My Paris Kitchen (errata)
Here are some clarifications and metric conversions, for recipes in My Paris Kitchen that were omitted from the first printing of the book. These have all been corrected in subsequent editions but if you have a first printing, you should make a note of these:
– The metric conversion for the tahini in the Beet Hummus (page 58), is 90g, and for the Hummus (page 60), is 120g. For reference: 1 tablespoon tahini = 15g.
– In the Sardine Spread recipe (page 79), the metric conversion for the 1/4 cup of cream cheese is 55g.
– To roast the figs that go with the Braised guinea hen (page 183), they should be cooked in a 400ºF/200ºC oven.
– Bay leaf pound cake with orange glaze (page 296): The bay leaf-infused melted butter gets added with the other wet ingredients (the egg mixture) in step #6.
For clarification, the recipe calls for 8 tablespoons (total) of butter; 6 tablespoons of melted butter (in step #1) gets added to the batter, 1 tablespoon is used to butter the pan and affix the bay leaves (in step #2) to the pan, and the remaining 1 tablespoon is used to pipe over the top of the cake in step #6, which makes the signature crack that French pound cakes have on top, which happens when the cake is baking.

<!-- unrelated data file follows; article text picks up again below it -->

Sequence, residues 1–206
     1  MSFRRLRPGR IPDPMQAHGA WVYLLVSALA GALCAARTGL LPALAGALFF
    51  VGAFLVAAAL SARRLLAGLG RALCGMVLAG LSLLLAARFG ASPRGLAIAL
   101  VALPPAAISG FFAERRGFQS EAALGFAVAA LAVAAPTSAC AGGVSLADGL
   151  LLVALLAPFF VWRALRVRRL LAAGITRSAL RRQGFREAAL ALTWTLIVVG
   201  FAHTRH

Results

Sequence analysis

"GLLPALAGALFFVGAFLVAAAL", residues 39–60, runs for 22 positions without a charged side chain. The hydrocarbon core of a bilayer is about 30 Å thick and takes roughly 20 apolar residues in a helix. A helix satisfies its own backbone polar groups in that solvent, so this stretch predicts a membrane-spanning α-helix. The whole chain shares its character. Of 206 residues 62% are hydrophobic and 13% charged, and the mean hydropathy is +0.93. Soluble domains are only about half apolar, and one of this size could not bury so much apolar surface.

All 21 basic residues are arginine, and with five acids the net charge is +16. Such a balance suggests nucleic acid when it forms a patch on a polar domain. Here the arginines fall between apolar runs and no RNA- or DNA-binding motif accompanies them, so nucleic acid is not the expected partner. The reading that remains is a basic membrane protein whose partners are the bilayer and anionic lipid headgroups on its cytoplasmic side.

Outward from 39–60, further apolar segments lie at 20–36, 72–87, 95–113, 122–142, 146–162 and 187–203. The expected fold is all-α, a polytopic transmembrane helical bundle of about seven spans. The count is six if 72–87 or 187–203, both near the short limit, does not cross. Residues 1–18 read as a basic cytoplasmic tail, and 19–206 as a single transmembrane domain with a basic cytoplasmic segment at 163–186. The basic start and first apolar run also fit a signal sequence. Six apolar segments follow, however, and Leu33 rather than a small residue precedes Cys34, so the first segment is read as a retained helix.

– Bûche de Noël (page 319): The orange syrup is brushed on the cake after it’s unrolled, in step #8, just before spreading on the chocolate/orange/ricotta filling.
For two of the other recipes, here are a couple of helpful tips:
– For the Chicken Pot Parmentier (page 166-167), if you don’t have a food mill or potato ricer, you can use a stand mixer to make the potato topping (steps #5 and #6). After drying out the potatoes, beat them in the stand mixer with the paddle attachment along with the 6 tablespoons (85g) butter, until smooth and the potatoes are cooled down a bit. Then beat in the cream and egg yolks.
– The Chocolate-dulce de leche tart (page 289): If the dough needs help coming together, feel free to add a tablespoon or two of water to it, in step #2.
In other news, after the book was published, the owner of Blé Sucré sold the bakery and the items mentioned in the book may not be on offer. Astier bistro, also mentioned in the book, has a new chef and the food is more focused on contemporary French cooking, rather than traditional fare.